"The issue" for the 2009 season was concussions, with high-profile players such as Brian Westbrook, Ben Roethlisberger, Clinton Portis and others sitting out due to head injuries. Last year, with awareness raised, the NFL reacted with measures requiring independent neurologists -- rather than team medical personnel -- to determine the proper time for the player to return to play, increased safety measures in training, and fired its own doctors chairing the panel on head injuries and brain trauma.
Now "the issue" for the 2010 season is the root of the problem leading to concussions: the violent hits, with the most notable player affected being the Eagles' DeSean Jackson.
I understand the reaction of the league to now consider ejections and suspensions. That is, however, reactionary to a style of play that has been taught - and glamorized by the networks - for years. Do we really believe that James Harrison of the Steelers or Dunta Robinson of the Falcons played any differently on those violent plays than they have in playing football for the past fifteen years?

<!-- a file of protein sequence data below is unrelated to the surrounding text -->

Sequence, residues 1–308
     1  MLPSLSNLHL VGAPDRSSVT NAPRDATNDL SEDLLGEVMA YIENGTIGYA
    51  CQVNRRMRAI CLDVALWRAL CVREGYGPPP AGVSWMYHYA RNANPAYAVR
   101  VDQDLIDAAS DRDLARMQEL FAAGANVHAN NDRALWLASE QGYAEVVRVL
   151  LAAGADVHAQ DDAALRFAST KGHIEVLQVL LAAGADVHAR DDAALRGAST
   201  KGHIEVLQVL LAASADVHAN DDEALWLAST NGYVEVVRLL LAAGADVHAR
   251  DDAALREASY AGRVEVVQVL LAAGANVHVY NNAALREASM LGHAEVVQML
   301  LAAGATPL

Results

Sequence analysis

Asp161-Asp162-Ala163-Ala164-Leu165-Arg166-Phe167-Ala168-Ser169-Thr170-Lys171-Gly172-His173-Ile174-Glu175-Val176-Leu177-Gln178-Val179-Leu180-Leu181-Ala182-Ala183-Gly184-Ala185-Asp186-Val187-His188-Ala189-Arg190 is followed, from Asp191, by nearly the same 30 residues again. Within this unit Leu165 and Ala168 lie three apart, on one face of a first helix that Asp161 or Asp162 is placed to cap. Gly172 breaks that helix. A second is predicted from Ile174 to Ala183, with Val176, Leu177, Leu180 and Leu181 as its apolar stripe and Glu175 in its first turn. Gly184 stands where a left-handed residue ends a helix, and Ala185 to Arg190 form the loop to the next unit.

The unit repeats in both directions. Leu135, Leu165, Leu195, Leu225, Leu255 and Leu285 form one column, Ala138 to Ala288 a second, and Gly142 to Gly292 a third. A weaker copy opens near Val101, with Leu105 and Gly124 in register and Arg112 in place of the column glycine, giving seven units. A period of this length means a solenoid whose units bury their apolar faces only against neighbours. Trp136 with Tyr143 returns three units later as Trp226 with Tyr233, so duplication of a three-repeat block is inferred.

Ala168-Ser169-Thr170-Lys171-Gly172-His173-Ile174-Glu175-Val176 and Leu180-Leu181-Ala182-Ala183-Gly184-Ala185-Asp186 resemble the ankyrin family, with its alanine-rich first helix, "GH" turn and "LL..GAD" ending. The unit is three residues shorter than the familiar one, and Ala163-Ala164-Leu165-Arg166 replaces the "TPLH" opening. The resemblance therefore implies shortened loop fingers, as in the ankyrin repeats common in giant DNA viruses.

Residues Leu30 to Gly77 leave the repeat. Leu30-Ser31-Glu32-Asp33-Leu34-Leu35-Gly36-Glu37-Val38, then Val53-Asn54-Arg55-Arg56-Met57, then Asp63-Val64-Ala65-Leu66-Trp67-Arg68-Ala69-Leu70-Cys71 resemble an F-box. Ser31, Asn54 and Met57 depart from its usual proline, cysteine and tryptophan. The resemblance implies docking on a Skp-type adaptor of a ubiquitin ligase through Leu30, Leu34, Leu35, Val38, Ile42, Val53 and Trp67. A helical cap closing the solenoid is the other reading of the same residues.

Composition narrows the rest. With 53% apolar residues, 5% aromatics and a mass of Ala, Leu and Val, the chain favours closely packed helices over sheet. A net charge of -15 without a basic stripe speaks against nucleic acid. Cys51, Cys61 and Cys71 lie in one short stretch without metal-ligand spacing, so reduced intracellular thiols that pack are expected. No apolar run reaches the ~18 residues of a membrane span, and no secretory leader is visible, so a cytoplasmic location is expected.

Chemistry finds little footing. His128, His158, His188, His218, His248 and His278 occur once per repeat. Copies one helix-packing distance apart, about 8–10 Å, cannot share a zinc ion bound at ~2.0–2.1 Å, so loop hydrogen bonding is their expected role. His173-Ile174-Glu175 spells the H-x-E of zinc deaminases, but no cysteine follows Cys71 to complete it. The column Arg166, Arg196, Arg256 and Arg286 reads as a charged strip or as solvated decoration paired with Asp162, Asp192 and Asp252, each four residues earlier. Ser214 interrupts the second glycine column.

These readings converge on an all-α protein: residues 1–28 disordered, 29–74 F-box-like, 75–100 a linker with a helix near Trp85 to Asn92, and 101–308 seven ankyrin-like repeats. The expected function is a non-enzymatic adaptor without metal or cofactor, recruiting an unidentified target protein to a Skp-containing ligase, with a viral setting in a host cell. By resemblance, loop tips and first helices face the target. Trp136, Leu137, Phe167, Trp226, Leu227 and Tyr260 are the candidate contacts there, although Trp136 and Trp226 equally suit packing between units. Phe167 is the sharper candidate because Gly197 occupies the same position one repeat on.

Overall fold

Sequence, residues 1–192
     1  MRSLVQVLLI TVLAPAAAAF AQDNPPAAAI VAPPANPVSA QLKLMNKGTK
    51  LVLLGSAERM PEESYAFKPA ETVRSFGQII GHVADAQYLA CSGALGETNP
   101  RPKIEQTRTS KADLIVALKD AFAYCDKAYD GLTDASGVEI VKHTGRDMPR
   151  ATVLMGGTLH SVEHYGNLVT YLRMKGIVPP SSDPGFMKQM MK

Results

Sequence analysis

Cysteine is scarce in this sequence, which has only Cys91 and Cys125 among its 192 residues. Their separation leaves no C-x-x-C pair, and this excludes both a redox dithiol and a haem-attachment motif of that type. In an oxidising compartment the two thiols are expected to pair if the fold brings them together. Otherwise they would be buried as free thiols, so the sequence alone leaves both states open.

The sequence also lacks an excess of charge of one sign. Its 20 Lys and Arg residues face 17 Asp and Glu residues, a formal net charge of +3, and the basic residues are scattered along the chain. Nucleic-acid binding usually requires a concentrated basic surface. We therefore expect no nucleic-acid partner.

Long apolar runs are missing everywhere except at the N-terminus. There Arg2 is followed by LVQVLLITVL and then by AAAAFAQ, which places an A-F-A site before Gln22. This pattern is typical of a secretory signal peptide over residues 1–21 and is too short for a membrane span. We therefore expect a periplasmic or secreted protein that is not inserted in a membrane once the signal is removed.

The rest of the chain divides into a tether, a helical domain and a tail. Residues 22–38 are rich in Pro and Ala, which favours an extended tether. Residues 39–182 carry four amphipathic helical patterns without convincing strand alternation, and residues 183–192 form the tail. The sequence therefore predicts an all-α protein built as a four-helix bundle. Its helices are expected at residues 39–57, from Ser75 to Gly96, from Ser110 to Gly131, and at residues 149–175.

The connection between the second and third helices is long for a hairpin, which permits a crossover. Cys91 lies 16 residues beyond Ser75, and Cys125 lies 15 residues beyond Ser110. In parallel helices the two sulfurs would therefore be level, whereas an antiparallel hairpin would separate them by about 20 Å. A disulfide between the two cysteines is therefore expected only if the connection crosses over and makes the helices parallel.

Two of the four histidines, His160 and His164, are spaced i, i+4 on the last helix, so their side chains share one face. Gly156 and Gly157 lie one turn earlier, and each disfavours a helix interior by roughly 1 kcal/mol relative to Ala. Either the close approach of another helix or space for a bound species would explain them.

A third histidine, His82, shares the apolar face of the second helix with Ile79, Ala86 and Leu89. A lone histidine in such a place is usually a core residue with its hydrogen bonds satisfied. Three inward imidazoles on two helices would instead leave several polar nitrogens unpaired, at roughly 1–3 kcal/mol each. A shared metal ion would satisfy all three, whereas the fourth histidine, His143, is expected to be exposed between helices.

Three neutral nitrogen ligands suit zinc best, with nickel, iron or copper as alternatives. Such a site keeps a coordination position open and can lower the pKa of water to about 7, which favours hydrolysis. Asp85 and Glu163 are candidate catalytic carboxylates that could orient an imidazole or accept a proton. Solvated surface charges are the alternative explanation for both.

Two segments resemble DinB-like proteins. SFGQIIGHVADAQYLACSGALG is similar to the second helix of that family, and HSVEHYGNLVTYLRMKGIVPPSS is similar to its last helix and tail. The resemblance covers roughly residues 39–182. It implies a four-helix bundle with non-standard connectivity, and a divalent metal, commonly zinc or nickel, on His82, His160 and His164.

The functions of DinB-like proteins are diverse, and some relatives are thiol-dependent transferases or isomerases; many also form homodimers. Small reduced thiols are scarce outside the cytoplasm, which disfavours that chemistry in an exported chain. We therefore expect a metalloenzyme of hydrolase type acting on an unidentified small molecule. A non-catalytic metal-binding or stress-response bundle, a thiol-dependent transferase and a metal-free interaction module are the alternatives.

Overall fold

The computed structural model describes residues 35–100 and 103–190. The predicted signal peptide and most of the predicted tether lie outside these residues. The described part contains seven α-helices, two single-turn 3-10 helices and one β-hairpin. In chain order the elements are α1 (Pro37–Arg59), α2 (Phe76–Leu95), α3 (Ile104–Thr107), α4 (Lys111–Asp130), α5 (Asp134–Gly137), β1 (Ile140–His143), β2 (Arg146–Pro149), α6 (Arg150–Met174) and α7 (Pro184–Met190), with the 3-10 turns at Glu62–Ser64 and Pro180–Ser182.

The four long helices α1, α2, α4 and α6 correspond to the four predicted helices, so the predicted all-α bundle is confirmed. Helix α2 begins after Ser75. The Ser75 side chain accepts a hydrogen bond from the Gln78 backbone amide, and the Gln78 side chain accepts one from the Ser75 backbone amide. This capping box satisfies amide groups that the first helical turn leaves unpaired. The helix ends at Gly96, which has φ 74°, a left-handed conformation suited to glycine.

This is not a new problem. As we know, football is not a contact sport; it is a collision sport, a series of train wrecks that thousands of young men willingly sign up for every year. For every one of the 2000 players in the NFL, there are hundreds in line to take that job. Very few people around the game - players, coaches, administrators, even doctors -- are thinking about long-term issues with the player; the focus is on the next practice, the next game, the next contract.
The steps now being taken by the league -- increasing fine amounts for egregious hits and suspending players as well -- are admirable, even if reactionary. However, this is not an NFL problem. This is a football problem, with its roots sunk in way before these players enter the NFL.
One easy action step to take is for the networks to stop showing these violent hits repeatedly. In an hour on ESPN last night, I saw the crushing blow to DeSean Jackson eight times. Networks still have opening segments where helmets of the opposing teams crash into each other. At least ESPN has, I think, discontinued its "Jacked Up" segment that glorified the very hits we are critical of now.
Suspensions or not, there will be more bone-jarring hits from this coming weekend's games and they will be shown over and over on highlight packages. This is a problem that will be hard to solve.